Children's handbook Scotland
Chapter 1: Benefits and tax credits
5. Council tax reduction
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5. Council tax reduction

Council tax reduction (CTR) is a means-tested scheme to  help low-income households with council tax payments. You can get help through CTR whether or not you are in work, provided you satisfy the conditions of entitlement.

Your local authority is responsible for the administration of CTR.


Who can claim council tax reduction

You qualify for CTR if: you or your partner are liable for council tax for the home in which you live; and you are 'habitually resident' in the UK, Ireland, Channel Islands or Isle of Man, have a 'right to reside' in the UK, and are not a 'person subject to immigration control'. These terms are explained in CPAG’s Welfare Benefits and Tax Credits Handbook; and you and your partner have savings of £16,000 or less, unless you are on guarantee credit of pension credit (PC), in which case your capital is not taken into account; and your income is sufficiently low.


Amount of reduction

The amount of CTR you get depends on your income compared with the amount the law says you need to live on. This section gives a brief outline of how CTR is calculated, so you can see how a change in your circumstances or in your income may affect your entitlement. CTR is calculated in a very similar way to housing benefit (HB – see Cross reference).


Step one: calculate maximum council tax reduction

This is your net weekly council tax liability, after any discounts, reductions and non-dependant deductions have been made.


Step two: if you get some means-tested benefits

If you get income support (IS), income-based jobseeker's allowance (JSA), income-related employment and support allowance (ESA) or PC (guarantee credit), you get your maximum CTR (Step one). In this case, you do not need to continue with the remainder of these steps.


Step three: if you do not get these means-tested benefits

If you do not get IS, income-based JSA, income-related ESA or PC (guarantee credit), you must compare your income with your ’applicable amount’. Follow the same process as for housing benefit (HB –see Cross reference).

The calculation of your CTR is different if you get universal credit (UC). Most UC claimants do not get HB – instead there is a housing costs element in UC. If you get UC, it is important to apply to your local authority for CTR as soon as you can.

For CTR, the local authority must either use the DWP’s figures for your UC maximum amount as your ‘applicable amount’ for CTR, and the DWP’s assessment of your income and capital (both converted to weekly figures), or an estimated average weekly income and estimated UC payment if your income, or that of your partner, frequently changes. In either case, for each child or young person in your family, your applicable amount is increased by £16.73.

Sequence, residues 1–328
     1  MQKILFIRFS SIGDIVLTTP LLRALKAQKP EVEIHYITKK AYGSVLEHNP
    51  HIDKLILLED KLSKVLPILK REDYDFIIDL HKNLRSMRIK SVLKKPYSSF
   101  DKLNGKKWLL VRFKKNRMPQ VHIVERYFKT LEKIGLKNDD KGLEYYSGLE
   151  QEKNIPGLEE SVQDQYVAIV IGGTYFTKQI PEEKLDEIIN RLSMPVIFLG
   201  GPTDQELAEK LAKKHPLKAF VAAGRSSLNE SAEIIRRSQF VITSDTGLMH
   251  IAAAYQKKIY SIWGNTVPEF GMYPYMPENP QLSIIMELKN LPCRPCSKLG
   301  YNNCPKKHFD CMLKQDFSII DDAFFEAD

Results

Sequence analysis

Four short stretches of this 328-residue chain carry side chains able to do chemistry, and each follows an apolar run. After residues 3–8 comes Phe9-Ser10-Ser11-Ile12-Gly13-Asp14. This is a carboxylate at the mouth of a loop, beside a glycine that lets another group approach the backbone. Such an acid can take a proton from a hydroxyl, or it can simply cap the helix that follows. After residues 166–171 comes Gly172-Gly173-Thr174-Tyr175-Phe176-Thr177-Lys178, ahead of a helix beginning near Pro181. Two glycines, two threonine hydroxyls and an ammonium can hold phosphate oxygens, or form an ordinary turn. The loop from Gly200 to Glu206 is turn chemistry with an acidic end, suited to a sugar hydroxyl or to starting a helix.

Step four: work out your weekly income

Some kinds of income are ignored.

See the relevant chapters of this Handbook for more information on how specific income (eg, fostering allowances and payments from the local authority) is treated.


Step five: calculate your council tax reduction

If your income is less than or the same as your applicable amount, CTR is the amount worked out at Step one – ie, your maximum CTR.

If your income is more than your applicable amount, work out 20 per cent of the difference. Your CTR is the amount you worked out at Step one minus 20 per cent of the difference between your weekly income and your applicable amount.


6. Disability living allowance

Disability living allowance (DLA) is a benefit for people with mobility problems and/or care needs as a result of a disability. For claimants aged between 16 and 64, DLA is being replaced by personal independence payment (PIP – see Cross reference). New claims for DLA can now normally only be made by claimants aged under 16. 

DLA has two components:

a care component, paid at either the lowest, middle or highest rate; a mobility component, paid at either the lower or the higher rate.

You can get either the care component or the mobility component, or both. DLA is not means tested and you do not have to have paid any national insurance contributions to get it.

The Department for Work and Pensions is responsible for the administration of DLA.


Who can claim disability living allowance

You qualify for DLA if:Footnote you are under age 16 when you first claim. Those aged between 16 and pension age may be able to claim PIP and those who have reached pension age may be able to claim attendance allowance; and you satisfy certain UK residence and presence conditions, and are not a 'person subject to immigration control'. See CPAG’s Welfare Benefits and Tax Credits Handbook for details; and you satisfy the disability test for the care component (see below) and/or the mobility component (see Cross reference); and you have satisfied the disability test for the last three months and are likely to continue to do so for the next six months (unless you are terminally ill).


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